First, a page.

9 On Your Side consumer reporter John Matarese has a few tips to help you make sure the best who's fixing up your home isn't doing more damage behind the scenes.
No one plans to hire a bad home improvement company. But if you want to avoid getting ripped off, there are some important steps you need to take.
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No one plans to hire a bad home improvement company.
But if you want to avoid getting ripped off, there are some important steps you need to take.
It happens all the time: a well-meaning contractor walks off the job, never gets started or takes your money and never shows up.
Tri-State homeowner James Van Gorder said a contractor took his money upfront to do roof repairs, but never came back.
"My own sister said, ‘You should call a lawyer. I think this guy is trying to scam you,’" Gorder said.
To avoid a home improvement nightmare, first check the Better Business Bureau or our partners at Angie’s List who say you should try to speak with two or three recent customers before committing to a contractor.
Angie’s List says you should be sure to ask open-ended questions. Don't ask just “yes” and “no” questions.
You want to get the contractor talking so you can pick up tidbits about their experience. It’s also important to keep in mind that a contractor is probably going to give you references that had a good experience – not the negative ones.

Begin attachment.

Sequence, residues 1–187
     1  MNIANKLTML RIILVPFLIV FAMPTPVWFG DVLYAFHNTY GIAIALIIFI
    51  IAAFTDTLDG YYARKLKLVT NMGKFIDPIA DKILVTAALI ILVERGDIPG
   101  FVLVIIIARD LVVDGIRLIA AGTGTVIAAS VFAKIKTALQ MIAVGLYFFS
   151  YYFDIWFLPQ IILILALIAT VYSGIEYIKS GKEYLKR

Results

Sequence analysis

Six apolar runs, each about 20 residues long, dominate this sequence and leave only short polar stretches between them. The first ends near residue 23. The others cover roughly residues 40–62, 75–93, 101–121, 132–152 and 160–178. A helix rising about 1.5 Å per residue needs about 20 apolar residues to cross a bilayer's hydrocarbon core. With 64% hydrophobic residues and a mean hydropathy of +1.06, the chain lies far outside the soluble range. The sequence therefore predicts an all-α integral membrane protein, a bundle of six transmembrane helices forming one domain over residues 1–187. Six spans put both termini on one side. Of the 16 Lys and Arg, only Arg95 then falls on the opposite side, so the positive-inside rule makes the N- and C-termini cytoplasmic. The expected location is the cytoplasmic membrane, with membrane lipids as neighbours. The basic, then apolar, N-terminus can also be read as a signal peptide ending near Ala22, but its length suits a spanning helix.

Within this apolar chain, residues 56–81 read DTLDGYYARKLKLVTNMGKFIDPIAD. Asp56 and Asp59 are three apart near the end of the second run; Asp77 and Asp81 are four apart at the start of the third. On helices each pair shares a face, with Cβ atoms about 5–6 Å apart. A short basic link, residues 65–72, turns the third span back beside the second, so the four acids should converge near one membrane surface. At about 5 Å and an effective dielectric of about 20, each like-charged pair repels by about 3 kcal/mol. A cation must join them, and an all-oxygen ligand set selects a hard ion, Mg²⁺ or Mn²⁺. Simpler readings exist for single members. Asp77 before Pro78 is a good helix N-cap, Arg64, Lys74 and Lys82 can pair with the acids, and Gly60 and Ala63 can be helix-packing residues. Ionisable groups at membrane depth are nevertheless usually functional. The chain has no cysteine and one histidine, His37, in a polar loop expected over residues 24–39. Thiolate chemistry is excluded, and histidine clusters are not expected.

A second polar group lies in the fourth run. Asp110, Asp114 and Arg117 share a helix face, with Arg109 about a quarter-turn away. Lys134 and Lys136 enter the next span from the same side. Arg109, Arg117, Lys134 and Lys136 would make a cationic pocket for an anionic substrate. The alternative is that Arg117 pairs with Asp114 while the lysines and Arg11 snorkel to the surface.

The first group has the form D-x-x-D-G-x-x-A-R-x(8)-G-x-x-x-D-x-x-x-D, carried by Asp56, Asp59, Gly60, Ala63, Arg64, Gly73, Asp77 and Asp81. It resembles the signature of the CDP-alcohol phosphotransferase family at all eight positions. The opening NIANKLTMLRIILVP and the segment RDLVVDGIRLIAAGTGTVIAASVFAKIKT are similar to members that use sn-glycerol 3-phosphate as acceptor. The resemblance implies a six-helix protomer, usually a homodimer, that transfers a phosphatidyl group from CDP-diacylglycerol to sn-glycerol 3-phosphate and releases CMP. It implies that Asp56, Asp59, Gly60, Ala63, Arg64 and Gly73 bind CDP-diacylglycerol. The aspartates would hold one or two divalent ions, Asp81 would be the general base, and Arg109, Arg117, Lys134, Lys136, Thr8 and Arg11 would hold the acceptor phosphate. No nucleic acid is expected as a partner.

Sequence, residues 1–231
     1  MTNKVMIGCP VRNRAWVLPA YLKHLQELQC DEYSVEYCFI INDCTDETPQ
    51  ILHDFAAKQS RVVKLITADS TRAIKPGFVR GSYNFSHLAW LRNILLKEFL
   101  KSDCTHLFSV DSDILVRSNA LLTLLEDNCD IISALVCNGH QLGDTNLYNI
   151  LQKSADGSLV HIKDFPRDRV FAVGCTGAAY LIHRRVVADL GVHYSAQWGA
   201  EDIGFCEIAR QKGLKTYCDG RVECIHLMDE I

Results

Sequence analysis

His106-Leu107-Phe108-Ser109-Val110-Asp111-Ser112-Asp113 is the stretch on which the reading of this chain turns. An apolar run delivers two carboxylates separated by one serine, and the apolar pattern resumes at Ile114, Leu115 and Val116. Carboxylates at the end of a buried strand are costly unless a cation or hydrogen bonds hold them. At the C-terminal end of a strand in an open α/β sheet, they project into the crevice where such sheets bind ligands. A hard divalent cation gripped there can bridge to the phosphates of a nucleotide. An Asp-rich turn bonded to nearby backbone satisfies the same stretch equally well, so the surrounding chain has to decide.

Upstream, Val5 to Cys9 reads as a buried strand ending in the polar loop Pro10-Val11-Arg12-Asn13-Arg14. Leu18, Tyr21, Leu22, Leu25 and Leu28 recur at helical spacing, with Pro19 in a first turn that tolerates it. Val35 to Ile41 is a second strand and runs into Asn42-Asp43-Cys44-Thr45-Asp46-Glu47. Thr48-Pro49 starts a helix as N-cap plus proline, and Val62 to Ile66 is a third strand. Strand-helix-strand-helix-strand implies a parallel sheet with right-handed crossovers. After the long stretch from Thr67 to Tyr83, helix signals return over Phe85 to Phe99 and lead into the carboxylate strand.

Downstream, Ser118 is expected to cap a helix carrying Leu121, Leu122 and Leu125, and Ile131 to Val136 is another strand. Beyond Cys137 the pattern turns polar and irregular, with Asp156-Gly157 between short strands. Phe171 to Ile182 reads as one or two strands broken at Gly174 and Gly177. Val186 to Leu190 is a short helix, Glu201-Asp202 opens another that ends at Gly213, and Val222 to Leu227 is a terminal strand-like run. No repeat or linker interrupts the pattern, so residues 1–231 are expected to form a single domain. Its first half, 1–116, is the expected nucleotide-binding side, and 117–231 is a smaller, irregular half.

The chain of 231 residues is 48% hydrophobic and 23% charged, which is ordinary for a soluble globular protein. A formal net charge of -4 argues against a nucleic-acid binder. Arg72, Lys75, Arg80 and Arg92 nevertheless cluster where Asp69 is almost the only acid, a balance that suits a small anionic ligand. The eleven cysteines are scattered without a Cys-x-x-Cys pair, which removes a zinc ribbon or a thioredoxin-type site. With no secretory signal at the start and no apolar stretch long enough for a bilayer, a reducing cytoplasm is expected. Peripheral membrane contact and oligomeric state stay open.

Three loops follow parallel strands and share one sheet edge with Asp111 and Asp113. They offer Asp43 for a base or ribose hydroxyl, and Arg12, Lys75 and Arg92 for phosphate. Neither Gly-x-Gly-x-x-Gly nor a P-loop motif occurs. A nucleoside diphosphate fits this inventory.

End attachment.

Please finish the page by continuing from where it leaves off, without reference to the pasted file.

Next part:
Angie’s List recommends you ask a contractor exactly what kind of work they have done.
And ask the contractor’s references if he or she showed up on time and what kind of problems they encountered – if any. Also make sure to ask if the job came in according to budget.
And don’t forget the most important question: Would you hire them again?
The most important thing you can do when hiring a contractor is to do your homework before you sign anything or give a down payment.
Research, use Google and talk to people who have used that contractor so you don't waste your money.
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